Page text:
The thing about withholding plot information is that you must generally divulge that which you’ve held back at some point. To simply ignore that your audience is in the dark as far as the big picture is concerned is a sure-fire way to lose interest. Because what’s the point then? What are we really watching if the endgame leaves its characters in the same exact place they were before? I think writer/director Wyatt Rockefeller hopes that his feature debut Settlers will succeed for no other reason than the fact that it attempts to find some semblance of circuitous repetition. When you’re dealing with science fiction colored by the selfishness and greed of humanity, that type of narrative often plays—if it provides something to latch onto.
The lead character Remmy (Brooklynn Prince as a child, Nell Tiger Free as an adult) isn’t enough despite being, for all intents and purposes, mankind’s last hope: a precocious kid growing up inside a colony on Mars years after Earth has proven ill-equipped to sustain life. Her father (Jonny Lee Miller’s Reza) and mother (Sofia Boutella’s Ilsa) seek to prepare her for the future even if they (and we) have no idea that the word “future” means anymore. They’re the only three people at this colony after all. Remmy’s parents warn her not to venture too far from camp because of a nondescript “danger” and always make certain to return before dark. What then is it that she’s being raised to do? Live and die alone?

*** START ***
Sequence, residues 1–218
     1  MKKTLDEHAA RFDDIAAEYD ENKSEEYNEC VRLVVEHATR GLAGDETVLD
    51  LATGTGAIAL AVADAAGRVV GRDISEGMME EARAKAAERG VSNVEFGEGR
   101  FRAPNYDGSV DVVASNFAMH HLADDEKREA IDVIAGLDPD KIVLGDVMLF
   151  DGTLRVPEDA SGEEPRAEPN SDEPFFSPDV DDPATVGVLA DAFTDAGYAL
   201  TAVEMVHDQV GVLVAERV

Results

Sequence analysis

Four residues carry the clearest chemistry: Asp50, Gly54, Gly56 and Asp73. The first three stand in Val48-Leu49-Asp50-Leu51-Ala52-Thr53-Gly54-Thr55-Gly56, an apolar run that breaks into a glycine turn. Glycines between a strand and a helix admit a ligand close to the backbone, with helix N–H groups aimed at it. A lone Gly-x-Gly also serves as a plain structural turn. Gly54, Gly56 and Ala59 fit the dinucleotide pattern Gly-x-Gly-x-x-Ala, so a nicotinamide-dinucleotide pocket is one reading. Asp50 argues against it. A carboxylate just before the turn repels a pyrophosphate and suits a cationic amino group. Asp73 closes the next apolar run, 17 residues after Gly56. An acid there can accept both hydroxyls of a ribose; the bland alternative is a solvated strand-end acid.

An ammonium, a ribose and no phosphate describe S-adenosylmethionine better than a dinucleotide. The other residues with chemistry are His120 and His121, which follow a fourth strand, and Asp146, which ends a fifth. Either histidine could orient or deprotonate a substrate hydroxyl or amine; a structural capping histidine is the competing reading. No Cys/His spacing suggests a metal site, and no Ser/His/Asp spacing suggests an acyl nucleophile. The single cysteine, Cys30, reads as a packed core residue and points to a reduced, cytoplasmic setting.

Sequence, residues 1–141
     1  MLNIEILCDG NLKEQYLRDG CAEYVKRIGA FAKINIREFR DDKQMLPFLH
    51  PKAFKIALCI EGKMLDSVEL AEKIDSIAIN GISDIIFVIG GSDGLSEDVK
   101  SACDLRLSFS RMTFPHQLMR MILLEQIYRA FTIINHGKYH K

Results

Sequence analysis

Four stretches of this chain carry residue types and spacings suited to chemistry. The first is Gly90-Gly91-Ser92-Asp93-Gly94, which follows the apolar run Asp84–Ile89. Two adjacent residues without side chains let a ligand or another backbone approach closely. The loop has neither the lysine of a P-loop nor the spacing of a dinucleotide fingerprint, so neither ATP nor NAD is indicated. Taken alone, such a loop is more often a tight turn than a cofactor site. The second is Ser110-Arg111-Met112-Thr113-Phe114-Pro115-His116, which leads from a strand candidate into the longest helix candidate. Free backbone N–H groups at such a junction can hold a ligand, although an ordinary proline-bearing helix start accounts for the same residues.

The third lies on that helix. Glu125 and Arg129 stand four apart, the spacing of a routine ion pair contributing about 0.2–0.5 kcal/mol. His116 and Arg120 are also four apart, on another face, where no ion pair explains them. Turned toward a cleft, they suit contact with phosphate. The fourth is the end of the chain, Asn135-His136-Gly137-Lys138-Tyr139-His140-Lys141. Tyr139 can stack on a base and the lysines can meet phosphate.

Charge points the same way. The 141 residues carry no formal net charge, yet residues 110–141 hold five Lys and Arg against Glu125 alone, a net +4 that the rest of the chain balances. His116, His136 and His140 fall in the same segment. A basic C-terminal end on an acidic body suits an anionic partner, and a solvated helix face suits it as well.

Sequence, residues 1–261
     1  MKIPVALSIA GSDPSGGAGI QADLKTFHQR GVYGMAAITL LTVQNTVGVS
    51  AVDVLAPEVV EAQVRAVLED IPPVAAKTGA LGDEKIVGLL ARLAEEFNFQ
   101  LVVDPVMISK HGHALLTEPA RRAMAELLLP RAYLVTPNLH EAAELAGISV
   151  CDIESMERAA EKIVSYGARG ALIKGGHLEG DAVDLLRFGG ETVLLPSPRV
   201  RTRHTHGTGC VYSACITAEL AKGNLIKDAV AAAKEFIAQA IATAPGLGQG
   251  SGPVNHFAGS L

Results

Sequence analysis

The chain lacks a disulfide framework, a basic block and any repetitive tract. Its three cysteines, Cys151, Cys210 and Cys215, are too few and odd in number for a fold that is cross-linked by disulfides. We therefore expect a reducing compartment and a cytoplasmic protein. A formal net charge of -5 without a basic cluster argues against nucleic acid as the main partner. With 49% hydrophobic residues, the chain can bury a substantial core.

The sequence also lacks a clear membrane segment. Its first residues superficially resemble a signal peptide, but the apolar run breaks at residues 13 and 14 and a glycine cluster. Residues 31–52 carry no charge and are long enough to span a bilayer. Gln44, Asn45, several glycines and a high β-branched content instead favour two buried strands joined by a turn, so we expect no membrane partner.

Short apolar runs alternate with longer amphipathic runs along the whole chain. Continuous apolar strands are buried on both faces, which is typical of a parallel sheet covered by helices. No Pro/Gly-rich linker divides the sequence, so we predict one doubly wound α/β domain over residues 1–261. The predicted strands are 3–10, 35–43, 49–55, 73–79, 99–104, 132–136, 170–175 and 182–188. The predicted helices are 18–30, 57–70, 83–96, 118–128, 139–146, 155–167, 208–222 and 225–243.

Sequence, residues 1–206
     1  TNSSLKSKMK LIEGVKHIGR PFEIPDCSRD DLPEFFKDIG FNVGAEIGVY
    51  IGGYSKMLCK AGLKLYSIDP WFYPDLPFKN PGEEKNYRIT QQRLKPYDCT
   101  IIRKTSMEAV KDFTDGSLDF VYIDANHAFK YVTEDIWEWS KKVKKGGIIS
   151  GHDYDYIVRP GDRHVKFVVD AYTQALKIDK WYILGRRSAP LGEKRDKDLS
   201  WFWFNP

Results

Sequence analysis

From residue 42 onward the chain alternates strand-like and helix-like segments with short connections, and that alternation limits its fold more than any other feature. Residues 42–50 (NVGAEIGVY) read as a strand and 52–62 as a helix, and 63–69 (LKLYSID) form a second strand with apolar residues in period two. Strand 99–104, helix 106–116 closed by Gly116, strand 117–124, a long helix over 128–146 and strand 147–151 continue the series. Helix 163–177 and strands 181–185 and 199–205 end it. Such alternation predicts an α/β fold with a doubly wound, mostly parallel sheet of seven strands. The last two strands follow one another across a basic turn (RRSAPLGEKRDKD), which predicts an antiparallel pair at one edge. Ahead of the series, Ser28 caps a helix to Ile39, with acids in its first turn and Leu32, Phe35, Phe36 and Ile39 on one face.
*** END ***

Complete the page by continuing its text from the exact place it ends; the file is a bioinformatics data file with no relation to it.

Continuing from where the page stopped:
Cue conflict via “strangers.” Reza takes up arms. Ilsa goes into fight or flight mode. And Remmy is left to pretty much experience their collision through the adult’s amplified fear and rage. Who are these people and where did they come from, though? What makes them bad and our trio good? Or maybe those labels are too reductive to use considering we’re dealing with the genesis of a new civilization and the lawless Wild West nature such beginnings possess. Reza and Ilsa seem to have an idea about who these people are and they, in turn, seem to have a stake in reclaiming what they believe was taken from them. Jerry (Ismael Cruz Cordova) is thus introduced as an enigmatic force that ensures nobody on-screen can be trusted.
Rockefeller sows this mistrust with intent. He must since it’s quite literally the only thing Settlers has going for it. The real disappointing part of that truth, however, is that it proves enough for the first two chapters. He allows us revelations then by answering questions we’ve been asking ourselves throughout like, “How are they able to walk around Mars without spacesuits?” By making everything so secretive, everything he does to push the plot forward illuminates details that turn this very small camp into a much bigger world—and conversely an even smaller one considering everything is converging here. Reza, Ilsa, and Jerry’s pasts are brought into clear-ish focus and we ready for Rockefeller to zoom out and finally tell us the rest. Only he never does.